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Dave Brisbin

What Change May Come

I don’t envy people my age who find themselves dating again…or still.

Dating is hard enough at any age–like being on permanent audition. But older we get, seems our attitudes and eccentricities, like our skin, become increasingly non-elastic, already stretched over a particular shape and volume. And when the shape our lives have taken sets like a handprint in concrete, chances of finding another life shaped closely enough to fit through the door keep dropping.

But then, looked at another way, with less ability or willingness to change, it may be an advantage to know that what you see in your date, for better or worse, is what you’re going to consistently get; you can make your decision based on what really is rather than hope to be. Or not to be.

As a pastor, if I didn’t believe people could change, I couldn’t do my job. But getting older, I’m realizing that I may be using the wrong word. Anyone who’s raised children knows that there are personalities set early on in each little body that you as parent had absolutely nothing to do with implanting. It’s as if we’re hardwired by age six or seven with those personality pairs: introvert/extrovert, sensing/intuition, thinking/feeling, judging/perceiving and basic attitudes like optimism and pessimism, ambition, perseverance, passion…where does all that come from? And once established, does it ever really change?


In the New Testament, Peter and Paul are practically psychological case studies. Their personalities were so strong that they are still vibrantly preserved after two thousand years of copying and translating ancient texts. Peter is impetuous and headstrong–always the first to speak and act: jumping out of his boat to walk on water and again to quickly reach Jesus cooking breakfast on the beach, blurting out answers to Jesus’ questions that as often earned rebuke as praise, refusing to have his feet washed, cutting off the ear of the high priest’s servant… And that’s just the canonical gospels. In non-canonical literature like the Gospel of Mary, Peter picks a fight with Mary Magdelene earning a rebuke from Matthew, and as tradition tells it, insisted on being crucified upside down to avoid any perceived parity with Jesus. He was the same before and after Jesus called him; before and after finding the power of his faith.

Paul is passionately loyal to the institution of his religion as a Jew: systematically persecuting, even killing the Jews he believes are heretically following Jesus. After his conversion, he is just as passionately loyal to the institution of his calling as a follower of Jesus: planting churches, fearlessly speaking truth to power, and facing a never ending string of physical and emotional firestorms. He was the same before and after his Damascus experience; before and after finding the face of his faith.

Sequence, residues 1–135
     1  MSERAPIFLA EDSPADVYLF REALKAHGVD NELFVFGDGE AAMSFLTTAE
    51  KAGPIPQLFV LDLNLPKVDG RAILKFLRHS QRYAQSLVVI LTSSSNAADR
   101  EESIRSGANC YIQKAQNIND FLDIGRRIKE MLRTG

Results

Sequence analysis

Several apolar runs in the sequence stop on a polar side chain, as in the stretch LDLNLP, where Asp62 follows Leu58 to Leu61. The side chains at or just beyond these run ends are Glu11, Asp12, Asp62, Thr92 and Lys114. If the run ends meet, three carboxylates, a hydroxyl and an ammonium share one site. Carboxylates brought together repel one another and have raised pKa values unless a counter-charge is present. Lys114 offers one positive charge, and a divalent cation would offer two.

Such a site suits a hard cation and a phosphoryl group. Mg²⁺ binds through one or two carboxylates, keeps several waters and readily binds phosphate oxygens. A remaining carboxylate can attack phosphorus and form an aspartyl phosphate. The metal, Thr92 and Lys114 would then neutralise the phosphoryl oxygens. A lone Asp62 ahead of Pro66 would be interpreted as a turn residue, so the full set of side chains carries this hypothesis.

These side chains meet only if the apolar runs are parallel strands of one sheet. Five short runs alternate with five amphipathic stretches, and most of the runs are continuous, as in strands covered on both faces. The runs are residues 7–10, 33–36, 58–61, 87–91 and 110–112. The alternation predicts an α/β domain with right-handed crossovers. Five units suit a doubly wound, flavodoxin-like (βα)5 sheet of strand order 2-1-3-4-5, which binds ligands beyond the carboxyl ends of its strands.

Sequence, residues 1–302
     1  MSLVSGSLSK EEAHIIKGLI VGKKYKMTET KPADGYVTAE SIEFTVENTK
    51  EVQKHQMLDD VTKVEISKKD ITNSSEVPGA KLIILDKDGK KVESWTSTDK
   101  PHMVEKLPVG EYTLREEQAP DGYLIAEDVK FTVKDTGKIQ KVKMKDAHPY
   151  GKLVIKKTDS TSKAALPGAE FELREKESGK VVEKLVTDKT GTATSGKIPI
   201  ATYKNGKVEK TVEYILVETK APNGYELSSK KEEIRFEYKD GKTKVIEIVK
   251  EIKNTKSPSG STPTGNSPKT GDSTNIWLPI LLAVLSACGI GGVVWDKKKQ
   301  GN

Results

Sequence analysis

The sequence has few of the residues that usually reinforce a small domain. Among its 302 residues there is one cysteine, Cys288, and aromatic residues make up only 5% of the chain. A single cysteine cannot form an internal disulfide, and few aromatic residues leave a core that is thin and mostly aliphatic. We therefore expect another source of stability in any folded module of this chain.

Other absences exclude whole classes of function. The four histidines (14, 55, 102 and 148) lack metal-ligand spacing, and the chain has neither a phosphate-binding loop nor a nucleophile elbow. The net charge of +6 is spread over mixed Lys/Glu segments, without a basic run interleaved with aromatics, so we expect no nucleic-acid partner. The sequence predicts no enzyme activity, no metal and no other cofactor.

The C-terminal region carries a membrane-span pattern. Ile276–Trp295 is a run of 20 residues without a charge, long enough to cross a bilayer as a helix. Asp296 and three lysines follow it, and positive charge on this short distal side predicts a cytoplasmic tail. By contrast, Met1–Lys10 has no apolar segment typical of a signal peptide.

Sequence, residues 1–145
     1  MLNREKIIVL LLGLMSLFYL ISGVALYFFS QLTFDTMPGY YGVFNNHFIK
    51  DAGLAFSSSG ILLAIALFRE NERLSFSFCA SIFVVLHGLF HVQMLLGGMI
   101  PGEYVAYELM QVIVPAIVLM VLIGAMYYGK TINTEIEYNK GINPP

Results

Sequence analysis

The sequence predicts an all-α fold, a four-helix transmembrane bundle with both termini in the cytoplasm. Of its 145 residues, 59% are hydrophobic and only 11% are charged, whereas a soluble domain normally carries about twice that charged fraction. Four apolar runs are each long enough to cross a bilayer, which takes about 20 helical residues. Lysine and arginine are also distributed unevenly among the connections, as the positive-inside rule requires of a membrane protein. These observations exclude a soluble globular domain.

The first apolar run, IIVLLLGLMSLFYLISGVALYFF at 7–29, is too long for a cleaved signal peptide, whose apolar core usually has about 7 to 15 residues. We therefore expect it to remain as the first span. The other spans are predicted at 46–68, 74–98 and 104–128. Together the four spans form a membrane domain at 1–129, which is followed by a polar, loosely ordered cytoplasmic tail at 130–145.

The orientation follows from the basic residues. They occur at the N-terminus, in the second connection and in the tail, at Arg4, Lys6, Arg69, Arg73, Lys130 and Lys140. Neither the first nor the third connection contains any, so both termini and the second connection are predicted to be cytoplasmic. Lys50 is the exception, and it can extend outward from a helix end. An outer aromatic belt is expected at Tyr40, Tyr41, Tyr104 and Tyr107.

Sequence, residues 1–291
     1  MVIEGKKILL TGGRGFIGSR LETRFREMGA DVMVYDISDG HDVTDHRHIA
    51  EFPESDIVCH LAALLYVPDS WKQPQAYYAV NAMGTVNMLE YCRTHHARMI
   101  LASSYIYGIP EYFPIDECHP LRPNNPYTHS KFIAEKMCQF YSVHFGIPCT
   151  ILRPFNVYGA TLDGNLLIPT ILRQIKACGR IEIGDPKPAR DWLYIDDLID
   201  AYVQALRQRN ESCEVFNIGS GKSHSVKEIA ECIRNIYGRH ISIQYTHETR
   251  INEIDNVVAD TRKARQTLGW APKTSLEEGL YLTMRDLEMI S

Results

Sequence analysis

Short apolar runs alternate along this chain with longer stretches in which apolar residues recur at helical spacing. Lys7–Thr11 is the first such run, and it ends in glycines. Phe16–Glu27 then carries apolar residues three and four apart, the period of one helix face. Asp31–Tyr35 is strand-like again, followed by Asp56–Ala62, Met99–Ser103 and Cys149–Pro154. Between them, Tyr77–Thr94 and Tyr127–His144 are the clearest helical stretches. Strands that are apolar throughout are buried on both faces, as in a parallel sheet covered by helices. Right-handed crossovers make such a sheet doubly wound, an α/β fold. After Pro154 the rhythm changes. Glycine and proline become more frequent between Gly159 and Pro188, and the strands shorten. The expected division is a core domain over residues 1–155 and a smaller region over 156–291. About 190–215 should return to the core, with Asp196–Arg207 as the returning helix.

It seems that who each man was at age seven was who he was as he took his last breath. Popeye would say, I yam what I yam, yet at the same time, both men would have been barely recognizable to the casual observer before and after something profound happened in their lives. Maybe people can change; maybe they can’t. But we can all be transformed.

Peter’s impetuousness and Paul’s passion never changed, but those traits were absolutely transformed, channeled in completely different directions once they began to understand who they really were. Their brush with Jesus, their willingness to engage with his consummate integrity and oneness of purpose, created both physical and spiritual heat that began burning off layers of falseness and fears accrued over a lifetime–until who they were as children-before-the-accrual was mostly what remained. Free from enough of their fearful obsessions and compulsions, impetuousness was transformed from irresponsible to inspiring and passion from persecution to perseverance.


Do people really change? Your date may be wondering, watching you from across the dinner table. If you’re not quite the perfect date, will you, can you change into the perfect mate? If you’re already the perfect date, will you change into something else over time?

It’s the wrong question.

Are you transformed? Are you someone who has faced the furnace of the big questions life is always asking to become acutely aware of your surroundings and who shares them with you and your connection to both? Has the heat and abrasion of your passage along the way—the excruciating losses and exuberant gains—removed enough of your fears to let the seven year old come back out to play?

At the moment of transformation, our greatest liabilities become our greatest strengths, and our greatest ability to hurt another becomes our greatest ability to heal.

At the moment of transformation, the question of change is moot.


  • Debi

    Wow! So so true. I’m going to read this over & over again.
    Thks Dave, encouraging & inspiring message to start my day.
    With a grateful heart, Debi

    August 15, 2019

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